Solo parents deserve more
Awaiting President Duterte’s signature is the ratified bicameral conference committee report that will amend Republic Act No. 8972 or the Solo Parents’ Welfare Act of 2000 and grant additional benefits to solo parents.
Once the President signs it, the new law would be a landmark piece of legislation, putting a humanitarian stamp on an administration notorious for its “iron fist” approach to various problems, from the anti-drug campaign to putting an end to the communist insurgency, and addressing the challenges brought about by the COVID-19 pandemic.
Under the Expanded Solo Parents Welfare Act, the definition of “solo parents” has been broadened to include spouses of low-skilled overseas Filipino workers who have been working outside the country for an uninterrupted period of time. Also, the number of months of employment required before a solo parent could avail of the solo parents leave has been reduced, while solo parents earning a minimum wage would receive P1,000 as monthly support.
The age ceiling for children of solo parents has likewise been raised, to align the measure with the K-to-12 education policy. Solo parents also stand to benefit from other forms of support such as scholarships for their eligible children, a 10-percent discount on specific medicines for low-income solo parents with children six years and below, prioritization in the provision of low-cost housing, and PhilHealth coverage for the family.
Meanwhile, safeguards against fraud and leakage in the implementation of the new law were incorporated in the measure to ensure that only those who are really solo parents will enjoy its benefits.
However laudable the motivation for the grant of benefits to solo parents, concerns have been raised about the limited reach of the law and the controls put on the amount of assistance available to them. There were also questions why only daily wage earners among solo parents are entitled to the assistance provided by the law.
Agusan del Norte Rep. Lawrence Fortun, chair of the technical panel that refined the House version of the pending measure, assured that the estimated 15 million solo parents in the country are “not invisible citizens” and that the government “see(s) their suffering and act(s) to address their woes.”
Fortun explained that the caps put on the amount and reach of assistance to solo parents were meant to address the concerns of local governments, many of which claimed not to have the funds necessary to address the needs of all solo parents. But it must be pointed out that the implementation of the Supreme Court’s Mandanas-Garcia ruling, increasing the share of LGUs in tax allotments, offers a windfall to local executives truly desirous of helping out solo parents and their children.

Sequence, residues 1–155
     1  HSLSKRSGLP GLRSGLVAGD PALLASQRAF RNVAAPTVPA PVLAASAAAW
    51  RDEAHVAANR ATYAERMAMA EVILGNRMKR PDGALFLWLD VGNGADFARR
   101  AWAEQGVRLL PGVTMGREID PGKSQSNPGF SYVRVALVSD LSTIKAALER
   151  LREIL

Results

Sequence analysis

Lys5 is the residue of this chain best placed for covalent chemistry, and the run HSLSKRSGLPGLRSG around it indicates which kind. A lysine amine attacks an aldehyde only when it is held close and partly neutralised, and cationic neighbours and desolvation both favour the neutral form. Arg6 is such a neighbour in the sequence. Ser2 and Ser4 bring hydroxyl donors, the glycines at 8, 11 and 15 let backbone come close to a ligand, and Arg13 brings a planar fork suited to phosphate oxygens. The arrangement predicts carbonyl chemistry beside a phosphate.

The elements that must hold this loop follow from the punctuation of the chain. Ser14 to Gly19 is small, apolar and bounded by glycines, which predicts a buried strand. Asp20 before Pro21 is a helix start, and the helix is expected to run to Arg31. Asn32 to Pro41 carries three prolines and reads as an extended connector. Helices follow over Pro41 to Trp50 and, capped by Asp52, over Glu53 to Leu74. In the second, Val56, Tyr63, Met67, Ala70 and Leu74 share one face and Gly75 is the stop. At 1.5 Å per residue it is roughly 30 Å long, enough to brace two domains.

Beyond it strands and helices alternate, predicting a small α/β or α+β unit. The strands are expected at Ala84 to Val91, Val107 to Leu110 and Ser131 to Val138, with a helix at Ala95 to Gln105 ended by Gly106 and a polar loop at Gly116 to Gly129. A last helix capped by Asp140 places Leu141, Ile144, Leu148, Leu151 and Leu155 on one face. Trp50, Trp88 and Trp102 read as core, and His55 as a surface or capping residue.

The Department of Budget and Management has said that LGUs are the biggest beneficiaries of the “record” P5.024 trillion 2022 national budget signed recently. That’s because LGUs are due to receive a whopping P959.04 billion as their share of the budget through their national tax allotment (NTA), formerly called the internal revenue allotment or IRA. In contrast, the IRA last year amounted to only P695.49 billion. Surely, local governments could find within the over P200 billion difference the wherewithal to make more benefits available to more solo parents aside from those covered by the law.
The high tribunal granted in 2018 and reaffirmed a year later the petitions of Batangas Gov. Hermilando Mandanas and former Bataan Gov. Enrique Garcia Jr., ruling that the LGUs’ NTA should come from 40 percent of the collection of all national taxes by the Bureau of Internal Revenue and the Bureau of Customs. Previously, only taxes collected by the BIR fell under the 40-percent share of LGUs.
True, with bigger income comes bigger responsibilities. Through Executive Order No. 138 signed last year, the national government transferred to the LGUs the responsibility to implement projects in local infrastructure, agriculture, social welfare, health care, and livelihood.
But there are serious doubts about the capability of many LGUs to spend their extra income efficiently, carefully, and honestly. The World Bank, for one, estimates that local governments might fail to spend as much as P155 billion from their windfall. Finance Secretary Carlos Dominguez III said last December that based on their estimates, the implementation of the Mandanas ruling would yield lower economic growth because local governments use funds less efficiently than the national government.
Perhaps it’s time for local governments to prove the national policy makers wrong. Expanding some more the coverage of the solo parents law would be a good way to start.
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